Ragdoll soon realizes that the Six are his family and he needs to go back with them, after several pages of gibberish dialogue and poor art the team decides to leave hell and fight another day, and just before they go, Scandal is reminded she has another girlfriend, who thanks to Scandal’s actions in hell is going to be amongst the dead soon, as the comic and this storyline comes to an end.


I hated this storyline. I hated how this felt like someone at DC asked Gail Simone to actually deal with a plot thread she’s set up and she decided to ruin the reading experience for everyone. I hated how badly the faces of the people in the comics were. I hated the cliff-hangers for the issues. If I wasn’t already reading the issues, I’d have dropped this book after part 1. I hated how they portrayed Scandal as not even remembering that Liana, a girl who really cared for her, until someone in hell said she was going to die. I hated how Ragdoll wouldn’t shut up. I hated the poorly written jokes, such as King Shark’s version of hell being a restaurant that only sells meat.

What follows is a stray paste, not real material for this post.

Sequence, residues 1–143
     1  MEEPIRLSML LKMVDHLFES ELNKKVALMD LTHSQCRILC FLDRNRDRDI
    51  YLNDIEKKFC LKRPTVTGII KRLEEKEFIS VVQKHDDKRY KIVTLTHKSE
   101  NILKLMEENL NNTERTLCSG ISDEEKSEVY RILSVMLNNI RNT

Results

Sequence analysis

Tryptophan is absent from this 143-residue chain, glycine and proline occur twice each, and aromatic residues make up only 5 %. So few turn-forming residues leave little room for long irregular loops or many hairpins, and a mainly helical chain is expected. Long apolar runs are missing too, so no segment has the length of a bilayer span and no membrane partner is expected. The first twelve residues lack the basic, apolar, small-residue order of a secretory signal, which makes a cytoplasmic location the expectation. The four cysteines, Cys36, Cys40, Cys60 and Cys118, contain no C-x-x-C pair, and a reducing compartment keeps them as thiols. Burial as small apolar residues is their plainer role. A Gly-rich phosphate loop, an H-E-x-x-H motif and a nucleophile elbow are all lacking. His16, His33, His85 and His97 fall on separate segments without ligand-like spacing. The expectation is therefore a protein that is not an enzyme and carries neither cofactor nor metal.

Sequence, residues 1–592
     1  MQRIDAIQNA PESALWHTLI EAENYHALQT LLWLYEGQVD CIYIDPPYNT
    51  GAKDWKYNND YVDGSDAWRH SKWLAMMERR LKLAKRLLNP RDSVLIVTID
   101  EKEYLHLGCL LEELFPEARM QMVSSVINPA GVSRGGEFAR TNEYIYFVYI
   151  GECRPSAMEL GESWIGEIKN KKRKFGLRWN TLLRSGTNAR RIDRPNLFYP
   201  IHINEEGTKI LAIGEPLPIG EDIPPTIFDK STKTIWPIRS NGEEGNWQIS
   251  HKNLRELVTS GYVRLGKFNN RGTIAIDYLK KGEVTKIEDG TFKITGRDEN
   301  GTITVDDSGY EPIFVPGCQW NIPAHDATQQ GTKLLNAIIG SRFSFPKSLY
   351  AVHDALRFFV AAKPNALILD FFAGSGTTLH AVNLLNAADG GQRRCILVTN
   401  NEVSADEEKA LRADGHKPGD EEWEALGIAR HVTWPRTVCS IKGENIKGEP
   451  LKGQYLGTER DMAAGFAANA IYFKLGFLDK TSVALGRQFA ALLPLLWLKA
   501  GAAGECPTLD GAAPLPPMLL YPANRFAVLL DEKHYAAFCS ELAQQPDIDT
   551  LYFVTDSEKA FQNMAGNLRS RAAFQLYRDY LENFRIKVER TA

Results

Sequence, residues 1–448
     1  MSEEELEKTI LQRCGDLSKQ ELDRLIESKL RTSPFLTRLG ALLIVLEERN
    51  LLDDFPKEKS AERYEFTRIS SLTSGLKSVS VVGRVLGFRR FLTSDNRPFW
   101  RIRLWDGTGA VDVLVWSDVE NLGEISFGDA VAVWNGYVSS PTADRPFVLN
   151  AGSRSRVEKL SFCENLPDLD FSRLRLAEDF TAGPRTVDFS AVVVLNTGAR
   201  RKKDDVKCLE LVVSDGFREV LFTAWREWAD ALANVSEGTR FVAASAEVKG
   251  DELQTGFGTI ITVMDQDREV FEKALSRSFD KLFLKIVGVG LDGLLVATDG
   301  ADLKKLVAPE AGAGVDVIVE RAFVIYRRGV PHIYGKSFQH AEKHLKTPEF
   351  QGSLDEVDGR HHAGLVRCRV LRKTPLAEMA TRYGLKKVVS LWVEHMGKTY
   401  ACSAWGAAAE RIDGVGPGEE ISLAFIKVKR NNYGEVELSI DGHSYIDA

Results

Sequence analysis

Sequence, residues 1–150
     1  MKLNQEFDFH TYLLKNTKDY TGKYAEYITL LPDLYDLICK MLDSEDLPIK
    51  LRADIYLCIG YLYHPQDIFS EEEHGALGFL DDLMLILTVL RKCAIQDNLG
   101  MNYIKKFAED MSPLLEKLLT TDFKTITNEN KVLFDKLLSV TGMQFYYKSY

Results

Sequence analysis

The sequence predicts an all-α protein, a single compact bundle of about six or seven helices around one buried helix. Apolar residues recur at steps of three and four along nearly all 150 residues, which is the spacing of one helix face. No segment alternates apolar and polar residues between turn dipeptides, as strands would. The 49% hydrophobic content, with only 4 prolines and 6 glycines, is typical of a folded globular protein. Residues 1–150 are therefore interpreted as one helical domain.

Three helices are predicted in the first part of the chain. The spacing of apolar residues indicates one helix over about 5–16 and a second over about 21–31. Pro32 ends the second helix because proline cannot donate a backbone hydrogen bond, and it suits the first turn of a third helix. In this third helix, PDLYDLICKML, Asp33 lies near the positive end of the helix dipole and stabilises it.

This was a terrible storyline, and the waste of a perfectly good idea. The only thing interesting in here was Bane’s moral compass being shot for a loop and even that wasn’t really mentioned for long.


If you haven’t been reading Secret Six, don’t start here. If you want some good Secret Six comics to read, look out Villains United or Secret Six: Six Degrees of Devastation. Steer clear of the ongoing as it is just one big pile of disappointment.


Secret Six #31-#33:


1 out of 5 Batarangs


Reviewed by Austen Beattie